In Robert W. Thomas & Anne McDonald Thomas Revocable Tr. v. Inland Pac. Colo., LLC, No. 11cv-0333-WYD-KLM, 2012 WL 2190852, at *3 (D. Colo. June 14, 2012), Judge Daniel found that
the six-year statute of limitations applied because “the promissory note set forth a method for
determining the amount due to the trust.”
In Uhl v. Fox, 498 P.2d 1177, 1178 (Colo. App. 1972), the Colorado Court of Appeals held that a
six-year statute of limitations for “actions in debt or assumpsit” applied where “[t]he contract
contains provision for determining the purchase price: the note to be purchased for its face value
plus accrued interest to the date of payment and the stock to be purchased at its book value as of
the last quarterly statement date preceding the giving of written notice.”
Each of these cases contained some provision in the contract providing a method to “easily compute” the
amount owed, see Portercare, 286 P.3d at 528, which is absent from the contract here.
of contract.” City of Golden v. Parker, 138 P.3d 285, 292 (Colo. 2006). Hence, the same
analysis that applies to Plaintiff’s breach of contract claim applies to Plaintiff’s claim for
breach of the duty of good faith and fair dealing. Moreover, section 13-80-101(1)(a)
applies to “contract actions,” “regardless of the theory upon which suit is brought.” Colo.
Rev. Stat. § 13-80-101(1)(a). Therefore, the above reasoning applies to Plaintiff’s claim
for breach of the duty of good faith and fair dealing, and the three-year statute of
limitations applies to that claim, as well.
The Three-Year Statute of Limitations Applies to the
Unjust Enrichment Claim.
The three-year statute of limitations also applies to Plaintiff’s claim for unjust
enrichment. “Under Colorado law, ‘[e]quitable claims . . . are technically subject to an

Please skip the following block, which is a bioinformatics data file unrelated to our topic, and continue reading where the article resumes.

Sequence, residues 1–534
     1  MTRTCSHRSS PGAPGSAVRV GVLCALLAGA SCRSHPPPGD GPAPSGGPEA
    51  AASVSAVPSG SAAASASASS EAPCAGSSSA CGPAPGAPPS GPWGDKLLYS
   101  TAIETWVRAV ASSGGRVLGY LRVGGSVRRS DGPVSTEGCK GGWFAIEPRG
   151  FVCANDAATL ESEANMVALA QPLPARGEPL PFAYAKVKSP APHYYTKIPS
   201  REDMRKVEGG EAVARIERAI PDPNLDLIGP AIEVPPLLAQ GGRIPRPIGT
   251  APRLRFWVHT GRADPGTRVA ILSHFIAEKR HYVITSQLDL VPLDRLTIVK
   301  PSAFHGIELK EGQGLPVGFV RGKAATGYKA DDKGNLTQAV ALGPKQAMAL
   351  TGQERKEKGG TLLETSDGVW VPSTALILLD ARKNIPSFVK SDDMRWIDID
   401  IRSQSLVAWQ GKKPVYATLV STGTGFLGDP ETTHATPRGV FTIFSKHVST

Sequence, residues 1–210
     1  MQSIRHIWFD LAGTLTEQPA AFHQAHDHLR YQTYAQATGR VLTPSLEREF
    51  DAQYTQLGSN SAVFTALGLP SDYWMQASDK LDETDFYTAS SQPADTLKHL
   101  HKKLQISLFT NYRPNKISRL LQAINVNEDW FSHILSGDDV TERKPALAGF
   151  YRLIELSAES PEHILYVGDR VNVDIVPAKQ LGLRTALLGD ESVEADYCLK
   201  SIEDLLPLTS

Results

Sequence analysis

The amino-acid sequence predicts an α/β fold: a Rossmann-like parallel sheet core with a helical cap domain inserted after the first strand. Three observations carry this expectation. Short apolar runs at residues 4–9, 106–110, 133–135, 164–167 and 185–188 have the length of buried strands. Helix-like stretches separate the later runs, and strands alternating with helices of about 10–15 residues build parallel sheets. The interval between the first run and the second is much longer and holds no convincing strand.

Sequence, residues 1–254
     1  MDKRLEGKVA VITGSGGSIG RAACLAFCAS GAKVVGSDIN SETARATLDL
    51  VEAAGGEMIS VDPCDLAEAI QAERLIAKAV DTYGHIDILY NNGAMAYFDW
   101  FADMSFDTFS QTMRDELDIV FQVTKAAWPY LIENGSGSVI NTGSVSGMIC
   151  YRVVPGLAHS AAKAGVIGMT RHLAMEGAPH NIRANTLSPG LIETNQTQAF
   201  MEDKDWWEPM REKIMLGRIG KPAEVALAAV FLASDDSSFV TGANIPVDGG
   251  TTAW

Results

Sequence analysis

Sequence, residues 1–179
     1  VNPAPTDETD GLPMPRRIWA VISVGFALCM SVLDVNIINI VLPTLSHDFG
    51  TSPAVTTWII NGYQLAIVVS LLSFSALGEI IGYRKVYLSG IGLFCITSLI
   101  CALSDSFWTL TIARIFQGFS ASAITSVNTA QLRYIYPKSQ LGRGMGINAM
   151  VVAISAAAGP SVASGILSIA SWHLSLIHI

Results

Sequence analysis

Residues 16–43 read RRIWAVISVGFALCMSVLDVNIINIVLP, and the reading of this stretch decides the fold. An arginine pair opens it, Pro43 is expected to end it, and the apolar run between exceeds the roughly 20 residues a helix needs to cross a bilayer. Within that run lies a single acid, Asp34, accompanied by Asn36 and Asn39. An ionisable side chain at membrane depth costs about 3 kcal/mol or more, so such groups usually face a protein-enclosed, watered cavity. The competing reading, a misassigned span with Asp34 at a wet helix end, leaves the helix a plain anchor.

equitable laches rather than a legal statue of limitations analysis.” Barnett v. Surefire
Med., Inc., 342 F. Supp. 3d 1167, 1171 (D. Colo. 2018) (Brimmer, J.) (quoting Sterenbuch
v. Goss, 266 P.3d 428, 436 (Colo. App. 2011)). “Absent extraordinary circumstances, ‘a
court will usually grant or withhold relief by analogy to the statute of limitations relating to
actions at law of like character.’” Id. Here, Plaintiff brings its unjust enrichment claim on
the same basis on which it brings its breach of contract and breach of the duty of good
faith and fair dealing claims—that is, impermissible rate increases by Defendants. See
ECF No. 1 ¶ 52. Plaintiff has not argued that there are “extraordinary circumstances”
which require this Court to refrain from “grant[ing] or withhold[ing] relief by analogy to the
statute of limitations relating to” those claims “of like character.” See Barnett, 342 F.
Supp. 3d at 1171. Therefore, the Court finds that the three-year statute of limitations also
applies to Plaintiff’s unjust enrichment claim.
When Plaintiff’s Claims Accrued
Under Colorado law, “[a] cause of action for breach of any express or implied
contract, agreement, warranty, or trust shall be considered to accrue on the date the
breach is discovered or should have been discovered by the exercise of reasonable
diligence.” Colo. Rev. Stat. § 13-80-108(6); see also Skyland Metro. Dist. v. Mountain
West Enter., LLC, 184 P.3d 106, 127 (Colo. App. 2007) (quoting Miller v. Armstrong World
Indus., Inc., 817 P.2d 111, 113 (Colo. 1991)) (“A claim for relief does not accrue until the
claimant ‘knows, or should know, in the exercise of reasonable diligence, all material facts
essential to show the elements of that cause of action.’”). In addition, “[i]n the context of
an unjust enrichment claim, the claim ‘accrues when a person discovers, or through the
exercise of reasonable diligence should discover, that all elements of the claim are
present.’” Robert W. Thomas & Anne McDonald Thomas Revocable Tr. v. Inland Pac.
Colo., LLC, No. 11-cv-03333-WYD-KLM, 2012 WL 2190852, at *3 (D. Colo. June 14,
2012) (Daniel, J.) (quoting Sterenbuch, 266 P.3d at 431). “The point of accrual is usually
a question of fact, but if the undisputed facts clearly show when a plaintiff discovered or
should have discovered the damage or conduct, the issue may be decided as a matter of
law.” Broomfield Senior Living Owner, LLC v. R.G. Brinkmann Co., 413 P.3d 219, 228